It seems you have already performed the first step by addressing his behavioral issue of insubordination and outlining to him what needs to be done to correct the issue (i.e., finish on time, don't overuse the card, support the ministry, etc.) This is to be commended as you are taking steps to help him improve as a believer in Christ.

The next step for you is to schedule a meeting with you, the head of the board, and the young man. Before the meeting you need to explain everything going on to the board member and how it is blatantly against scripture for this behavior to exist. When you sit with the young man you will need to provide, in writing, a letter of discipline outlining the behavior that is in error, the corrective actions taken this far, and what future corrective actions must be made within the next 30 days in order for the young man to remain employed. Do not sit down and have a discussion at this point. This is a one way informational disciplinary meeting. Don't let him sit and make excuses or try to explain things away. He has already done that. This is your time to teach and mold him as his leader. At the end of the meeting ask the young man to get up and go home for the rest of the day to contemplate his future in your ministry and the actions that are now required of him to remain.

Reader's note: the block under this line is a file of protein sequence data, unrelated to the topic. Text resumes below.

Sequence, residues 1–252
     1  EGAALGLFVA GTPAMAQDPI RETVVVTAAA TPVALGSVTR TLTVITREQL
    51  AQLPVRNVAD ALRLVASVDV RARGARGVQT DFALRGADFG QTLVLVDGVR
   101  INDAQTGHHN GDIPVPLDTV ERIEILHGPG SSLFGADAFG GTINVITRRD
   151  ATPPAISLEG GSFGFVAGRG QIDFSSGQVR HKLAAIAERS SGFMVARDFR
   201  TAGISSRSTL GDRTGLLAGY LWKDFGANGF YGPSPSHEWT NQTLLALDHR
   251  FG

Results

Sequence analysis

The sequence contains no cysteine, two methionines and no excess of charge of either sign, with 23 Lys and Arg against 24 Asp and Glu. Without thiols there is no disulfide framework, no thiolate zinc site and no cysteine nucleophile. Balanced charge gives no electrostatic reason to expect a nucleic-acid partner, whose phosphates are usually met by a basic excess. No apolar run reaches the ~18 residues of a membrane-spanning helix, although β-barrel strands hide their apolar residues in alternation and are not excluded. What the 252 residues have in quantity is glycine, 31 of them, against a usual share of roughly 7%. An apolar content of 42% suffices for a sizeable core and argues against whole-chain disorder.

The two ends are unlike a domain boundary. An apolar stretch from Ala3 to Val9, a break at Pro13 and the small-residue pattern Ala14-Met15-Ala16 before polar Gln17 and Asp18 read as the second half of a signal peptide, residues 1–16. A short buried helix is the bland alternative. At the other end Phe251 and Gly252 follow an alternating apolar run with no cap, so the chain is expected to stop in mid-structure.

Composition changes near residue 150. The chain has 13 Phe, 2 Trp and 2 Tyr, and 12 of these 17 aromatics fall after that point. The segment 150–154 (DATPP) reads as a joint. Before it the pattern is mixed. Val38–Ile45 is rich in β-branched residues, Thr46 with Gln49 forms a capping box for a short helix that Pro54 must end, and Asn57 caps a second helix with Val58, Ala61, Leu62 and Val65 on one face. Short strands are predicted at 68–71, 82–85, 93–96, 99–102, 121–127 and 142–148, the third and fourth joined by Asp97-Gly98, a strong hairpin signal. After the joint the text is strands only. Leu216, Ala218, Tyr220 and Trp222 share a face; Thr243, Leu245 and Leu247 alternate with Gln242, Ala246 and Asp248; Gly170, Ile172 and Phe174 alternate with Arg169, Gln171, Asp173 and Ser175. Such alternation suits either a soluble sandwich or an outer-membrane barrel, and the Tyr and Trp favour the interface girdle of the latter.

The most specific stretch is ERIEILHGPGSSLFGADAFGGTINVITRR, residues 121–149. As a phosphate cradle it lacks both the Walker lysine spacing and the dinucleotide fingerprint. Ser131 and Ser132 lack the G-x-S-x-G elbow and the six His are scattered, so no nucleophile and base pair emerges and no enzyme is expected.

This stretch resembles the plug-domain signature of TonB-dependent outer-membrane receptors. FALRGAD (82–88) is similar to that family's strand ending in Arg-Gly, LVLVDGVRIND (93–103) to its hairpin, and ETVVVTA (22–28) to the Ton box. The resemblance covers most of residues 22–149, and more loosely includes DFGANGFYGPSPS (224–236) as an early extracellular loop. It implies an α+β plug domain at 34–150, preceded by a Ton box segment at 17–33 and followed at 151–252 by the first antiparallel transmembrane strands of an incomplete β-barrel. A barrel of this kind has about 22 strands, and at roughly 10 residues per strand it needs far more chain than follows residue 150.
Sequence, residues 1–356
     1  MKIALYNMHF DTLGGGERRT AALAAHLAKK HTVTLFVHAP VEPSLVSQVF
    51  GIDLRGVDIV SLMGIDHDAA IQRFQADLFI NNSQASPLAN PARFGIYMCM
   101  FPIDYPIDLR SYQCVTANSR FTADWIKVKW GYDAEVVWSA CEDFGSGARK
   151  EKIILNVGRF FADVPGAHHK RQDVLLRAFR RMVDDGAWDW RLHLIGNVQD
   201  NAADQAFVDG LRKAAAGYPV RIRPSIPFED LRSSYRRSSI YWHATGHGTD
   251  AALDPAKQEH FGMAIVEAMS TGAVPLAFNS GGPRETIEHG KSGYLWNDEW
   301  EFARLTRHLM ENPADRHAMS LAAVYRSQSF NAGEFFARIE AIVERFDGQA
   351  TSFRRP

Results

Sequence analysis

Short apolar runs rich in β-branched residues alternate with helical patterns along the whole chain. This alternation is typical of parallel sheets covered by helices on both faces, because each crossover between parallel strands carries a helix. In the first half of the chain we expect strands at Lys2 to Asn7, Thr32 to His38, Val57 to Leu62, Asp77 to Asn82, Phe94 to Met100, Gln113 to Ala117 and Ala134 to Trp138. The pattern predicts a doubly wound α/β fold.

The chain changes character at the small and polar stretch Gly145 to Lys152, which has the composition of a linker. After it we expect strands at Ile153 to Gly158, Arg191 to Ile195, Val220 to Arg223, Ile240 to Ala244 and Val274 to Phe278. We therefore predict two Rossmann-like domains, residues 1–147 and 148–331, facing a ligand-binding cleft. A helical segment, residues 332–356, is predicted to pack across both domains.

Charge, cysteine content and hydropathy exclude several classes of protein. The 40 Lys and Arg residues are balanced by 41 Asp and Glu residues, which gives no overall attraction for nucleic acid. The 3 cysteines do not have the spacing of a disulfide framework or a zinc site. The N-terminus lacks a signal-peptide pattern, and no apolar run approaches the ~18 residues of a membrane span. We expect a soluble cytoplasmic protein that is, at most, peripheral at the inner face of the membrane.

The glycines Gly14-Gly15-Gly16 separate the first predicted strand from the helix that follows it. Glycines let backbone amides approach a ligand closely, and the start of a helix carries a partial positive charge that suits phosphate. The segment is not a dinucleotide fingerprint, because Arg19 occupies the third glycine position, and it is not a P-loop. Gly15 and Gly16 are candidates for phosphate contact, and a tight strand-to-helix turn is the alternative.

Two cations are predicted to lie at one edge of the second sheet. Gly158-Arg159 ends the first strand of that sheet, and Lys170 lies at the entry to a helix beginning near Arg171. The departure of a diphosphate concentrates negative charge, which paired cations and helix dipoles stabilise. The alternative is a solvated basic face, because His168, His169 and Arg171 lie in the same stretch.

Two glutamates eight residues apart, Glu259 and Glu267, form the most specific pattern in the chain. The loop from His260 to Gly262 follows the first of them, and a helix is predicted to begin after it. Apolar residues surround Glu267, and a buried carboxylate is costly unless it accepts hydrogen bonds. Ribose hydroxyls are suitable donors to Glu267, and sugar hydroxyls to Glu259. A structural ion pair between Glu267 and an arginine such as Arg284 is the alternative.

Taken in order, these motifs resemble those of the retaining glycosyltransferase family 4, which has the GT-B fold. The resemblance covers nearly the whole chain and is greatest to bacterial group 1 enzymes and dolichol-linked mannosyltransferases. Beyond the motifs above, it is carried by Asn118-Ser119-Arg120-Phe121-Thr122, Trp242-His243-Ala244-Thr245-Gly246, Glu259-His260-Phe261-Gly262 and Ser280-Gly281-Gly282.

Watch him for the next 30 days and document any issues. At the end of 30 days call the young man in and go over his performance (with you and the head of the board) and discuss if his behavior has improved satisfactorily. If it has not but he is making forward progress, provide him with encouragement and grant an additional 30 days to finish the personal life changes needed in this matter.

At the end of the second 30 days if the man has not met the goals in his disciplinary letter, then, with the head of the board as witness, provide the young man with a letter of dismissal and a severance package. Let him know that he will need to move on to find a church more in line with his wants and desires. Again, this is not a time for discussion. Wish him well and help him clear out his desk.

To some reading this it may seem a harsh answer to your predicament. But insubordination is a cancer that if not treated could spread to other staff and the congregation. The Lord said that we are to do everything decently and in order within the church. Insubordination only breeds a takeover attitude. The Lord has brought you to the church as the leader and it is your responsibility to protect, feed, and discipline the flock.